Democrats attack Bush on Iraq in debate
By Andrew Ward in Washington
Copyright The Financial Times Limited 2007
Published: April 27 2007 07:36 | Last updated: April 27 2007 07:36
All eight Democratic presidential hopefuls competed to strike the strongest opposition to the war in Iraq on Thursday evening as they held the first debate of what promises to be the longest presidential election campaign in US history.
The 90-minute event at South Carolina State University came more than eight months before the first primary elections and 18 months before the general election in November 2008.
Campaigning has started unusually early because the election is considered the most open in decades, with President George W. Bush required to step down after two terms in office and Vice-President Dick Cheney having ruled himself out.
There were no serious flashpoints among the Democratic rivals and all three leading candidates – Hillary Clinton, Barack Obama and John Edwards – produced solid performances with no glaring gaffes.
Mr Edwards, the former Senator and defeated vice-presidential candidate in 2004, highlighted Senator Clinton’s failure to renounce her vote for the war in Iraq by saying members of Congress who backed the invasion should “search their conscience”.
Ms Clinton, the Democratic frontrunner, said she would not have voted for the war had she known then what she knows now and vowed to end the war if elected president.
“If this president does not get us out of Iraq, when I’m president I will,” she said. “We have given the Iraqi people the chance to have freedom, to have their own country. It is up to them to decide whether or not they're going to take that chance."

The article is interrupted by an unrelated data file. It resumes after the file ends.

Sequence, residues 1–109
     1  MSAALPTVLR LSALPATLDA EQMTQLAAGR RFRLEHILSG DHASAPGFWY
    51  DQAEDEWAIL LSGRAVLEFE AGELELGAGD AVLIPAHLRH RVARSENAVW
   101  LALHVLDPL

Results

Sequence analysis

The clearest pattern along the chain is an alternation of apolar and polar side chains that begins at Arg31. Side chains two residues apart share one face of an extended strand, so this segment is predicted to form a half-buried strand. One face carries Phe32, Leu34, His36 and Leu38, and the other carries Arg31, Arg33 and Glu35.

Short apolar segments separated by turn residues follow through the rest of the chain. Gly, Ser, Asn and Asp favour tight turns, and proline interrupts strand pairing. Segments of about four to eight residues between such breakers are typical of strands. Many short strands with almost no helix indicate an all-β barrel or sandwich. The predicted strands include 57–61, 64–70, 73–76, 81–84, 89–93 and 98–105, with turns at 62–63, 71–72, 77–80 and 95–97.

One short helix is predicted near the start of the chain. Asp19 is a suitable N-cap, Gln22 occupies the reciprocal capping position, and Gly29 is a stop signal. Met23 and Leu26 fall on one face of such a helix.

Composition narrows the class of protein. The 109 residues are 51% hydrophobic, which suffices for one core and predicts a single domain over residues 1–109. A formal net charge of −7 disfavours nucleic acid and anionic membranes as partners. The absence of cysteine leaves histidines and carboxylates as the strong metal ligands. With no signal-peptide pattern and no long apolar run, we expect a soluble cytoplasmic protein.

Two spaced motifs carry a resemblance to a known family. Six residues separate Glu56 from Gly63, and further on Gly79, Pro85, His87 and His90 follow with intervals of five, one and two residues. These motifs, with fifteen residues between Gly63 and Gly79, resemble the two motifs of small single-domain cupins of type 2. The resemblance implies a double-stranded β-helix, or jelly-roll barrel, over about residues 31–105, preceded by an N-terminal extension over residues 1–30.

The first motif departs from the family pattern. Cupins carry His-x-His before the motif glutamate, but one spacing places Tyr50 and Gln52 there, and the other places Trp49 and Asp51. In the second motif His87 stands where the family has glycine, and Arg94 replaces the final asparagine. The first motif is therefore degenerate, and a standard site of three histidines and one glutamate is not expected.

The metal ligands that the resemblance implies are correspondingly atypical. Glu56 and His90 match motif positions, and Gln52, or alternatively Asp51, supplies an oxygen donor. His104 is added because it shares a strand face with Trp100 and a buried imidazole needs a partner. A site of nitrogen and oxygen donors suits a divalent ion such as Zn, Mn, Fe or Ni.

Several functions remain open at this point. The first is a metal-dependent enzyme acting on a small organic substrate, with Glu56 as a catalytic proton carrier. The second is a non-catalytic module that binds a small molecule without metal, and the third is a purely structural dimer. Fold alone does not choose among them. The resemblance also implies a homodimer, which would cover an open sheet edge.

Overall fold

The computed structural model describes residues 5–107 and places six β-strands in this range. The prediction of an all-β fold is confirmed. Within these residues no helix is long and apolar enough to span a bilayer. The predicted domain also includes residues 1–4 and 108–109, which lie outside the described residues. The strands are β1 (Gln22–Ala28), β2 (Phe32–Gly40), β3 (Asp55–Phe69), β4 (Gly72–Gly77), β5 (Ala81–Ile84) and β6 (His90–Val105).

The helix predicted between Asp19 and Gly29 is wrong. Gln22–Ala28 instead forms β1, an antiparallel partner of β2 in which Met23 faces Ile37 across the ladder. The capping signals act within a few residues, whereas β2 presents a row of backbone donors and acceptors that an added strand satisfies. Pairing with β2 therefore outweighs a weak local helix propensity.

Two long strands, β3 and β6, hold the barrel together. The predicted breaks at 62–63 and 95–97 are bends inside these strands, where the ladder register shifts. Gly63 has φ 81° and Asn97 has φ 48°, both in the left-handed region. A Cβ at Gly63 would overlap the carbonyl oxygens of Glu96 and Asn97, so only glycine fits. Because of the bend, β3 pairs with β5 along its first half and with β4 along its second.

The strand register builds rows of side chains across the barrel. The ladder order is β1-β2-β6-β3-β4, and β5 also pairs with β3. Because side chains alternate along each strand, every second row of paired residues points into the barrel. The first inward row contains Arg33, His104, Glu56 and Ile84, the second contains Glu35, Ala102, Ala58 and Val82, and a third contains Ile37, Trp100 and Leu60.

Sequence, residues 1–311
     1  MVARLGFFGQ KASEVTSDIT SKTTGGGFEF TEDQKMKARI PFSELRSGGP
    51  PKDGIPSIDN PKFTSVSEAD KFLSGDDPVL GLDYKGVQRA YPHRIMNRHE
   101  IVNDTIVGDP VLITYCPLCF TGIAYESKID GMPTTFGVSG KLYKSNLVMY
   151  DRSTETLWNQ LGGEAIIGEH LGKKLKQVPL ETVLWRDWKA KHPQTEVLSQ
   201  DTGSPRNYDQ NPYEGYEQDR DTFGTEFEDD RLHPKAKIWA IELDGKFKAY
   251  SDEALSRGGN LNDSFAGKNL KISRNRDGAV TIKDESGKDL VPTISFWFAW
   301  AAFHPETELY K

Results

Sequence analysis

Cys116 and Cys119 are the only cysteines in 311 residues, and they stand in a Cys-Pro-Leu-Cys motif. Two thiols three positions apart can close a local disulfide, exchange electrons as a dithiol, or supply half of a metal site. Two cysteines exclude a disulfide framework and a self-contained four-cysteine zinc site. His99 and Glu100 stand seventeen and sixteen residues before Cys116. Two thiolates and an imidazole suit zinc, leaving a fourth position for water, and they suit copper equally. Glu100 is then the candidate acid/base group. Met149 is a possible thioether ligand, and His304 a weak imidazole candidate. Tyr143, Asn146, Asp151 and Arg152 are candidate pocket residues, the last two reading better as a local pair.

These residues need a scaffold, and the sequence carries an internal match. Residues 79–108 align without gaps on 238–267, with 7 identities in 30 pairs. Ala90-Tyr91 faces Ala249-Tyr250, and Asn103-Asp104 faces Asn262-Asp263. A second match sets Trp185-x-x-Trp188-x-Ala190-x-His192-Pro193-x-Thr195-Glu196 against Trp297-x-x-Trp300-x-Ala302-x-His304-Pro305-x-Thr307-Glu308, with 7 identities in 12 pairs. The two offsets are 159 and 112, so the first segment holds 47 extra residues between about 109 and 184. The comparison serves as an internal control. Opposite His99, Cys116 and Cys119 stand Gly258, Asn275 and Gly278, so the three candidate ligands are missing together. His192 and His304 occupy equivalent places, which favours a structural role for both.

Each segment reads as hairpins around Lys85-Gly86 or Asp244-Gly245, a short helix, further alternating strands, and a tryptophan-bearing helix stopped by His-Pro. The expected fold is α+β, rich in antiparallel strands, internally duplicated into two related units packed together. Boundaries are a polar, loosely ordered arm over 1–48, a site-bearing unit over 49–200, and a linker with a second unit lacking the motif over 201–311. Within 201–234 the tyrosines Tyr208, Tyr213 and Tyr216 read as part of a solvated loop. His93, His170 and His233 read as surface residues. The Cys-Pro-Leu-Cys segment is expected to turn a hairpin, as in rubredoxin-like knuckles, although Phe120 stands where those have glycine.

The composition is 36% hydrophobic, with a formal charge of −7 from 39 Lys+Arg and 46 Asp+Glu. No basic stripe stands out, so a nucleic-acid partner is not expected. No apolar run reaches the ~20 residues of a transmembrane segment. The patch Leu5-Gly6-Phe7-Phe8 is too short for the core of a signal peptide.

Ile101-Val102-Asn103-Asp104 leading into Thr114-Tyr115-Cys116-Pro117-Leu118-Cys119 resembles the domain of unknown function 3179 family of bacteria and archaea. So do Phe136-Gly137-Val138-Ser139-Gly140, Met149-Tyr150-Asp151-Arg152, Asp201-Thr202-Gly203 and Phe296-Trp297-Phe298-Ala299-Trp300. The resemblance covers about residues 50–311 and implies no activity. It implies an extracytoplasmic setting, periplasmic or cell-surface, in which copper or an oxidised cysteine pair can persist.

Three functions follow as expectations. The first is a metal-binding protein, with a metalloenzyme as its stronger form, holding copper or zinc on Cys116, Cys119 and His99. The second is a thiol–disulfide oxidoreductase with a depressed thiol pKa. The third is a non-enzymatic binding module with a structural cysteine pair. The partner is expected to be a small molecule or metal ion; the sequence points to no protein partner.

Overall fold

Hopes are running high among Democrats that the party can reclaim the White House as the turmoil in Iraq sours public opinion towards Mr Bush’s Republican party.
Thursday’s debate came hours after the Senate joined the House of Representatives in voting to impose a timetable for US withdrawal from Iraq – the strongest challenge to presidential authority since the Democrats took control of Capitol Hill in January. Mr Bush has promised to veto the bill.
Mr Obama, Senator for Illinois, highlighted that he had opposed the war from the outset but said it would be wrong for Congress to cut off funding for the troops, as some Democratic activists favour.
Most analysts judged Ms Clinton to have been the most polished candidate and some felt Mr Obama, known for his sparkling oratory, was less fluent than usual.
He gave a particularly hesitant answer to a question about how he would respond to a terrorist attack, prompting him to clarify his response later in the debate with a more robust statement about his willingness to take military action when justified.
Discussion of serious issues such as Iraq, healthcare and gun control was interspersed with lighter moments, including a question to Mr Edwards about his recent $400 haircut, paid out of campaign funds. "That was a mistake, which we remedied," he said, before telling a story about his humble roots as the son of a textile mill worker. "I've not forgotten where I came from," he added.
Some spice was injected to the largely bland proceedings by Mike Gravel, a former Senator, who aimed a series of barbed quips at his better-known rivals.
"Some of these people frighten me, they frighten me,” he said, referring to the refusal by Mr Obama and others to rule out military action against Iran.
The other candidates are Bill Richardson, governor of New Mexico, Dennis Kucinich, an Ohio Congressman, and Senators Joe Biden of Delaware and Chris Dodd of Connecticut.
An opinion poll released this week showed Mr Obama closing the gap on Ms Clinton. The NBC News/Wall Street Journal poll of likely Democratic voters found that Ms Clinton’s support had fallen to 36 per cent, from 40 per cent a month ago, while Mr Obama’s had risen from 28 per cent to 31 per cent. Mr Edwards also saw his support rise from 15 per cent to 20 per cent.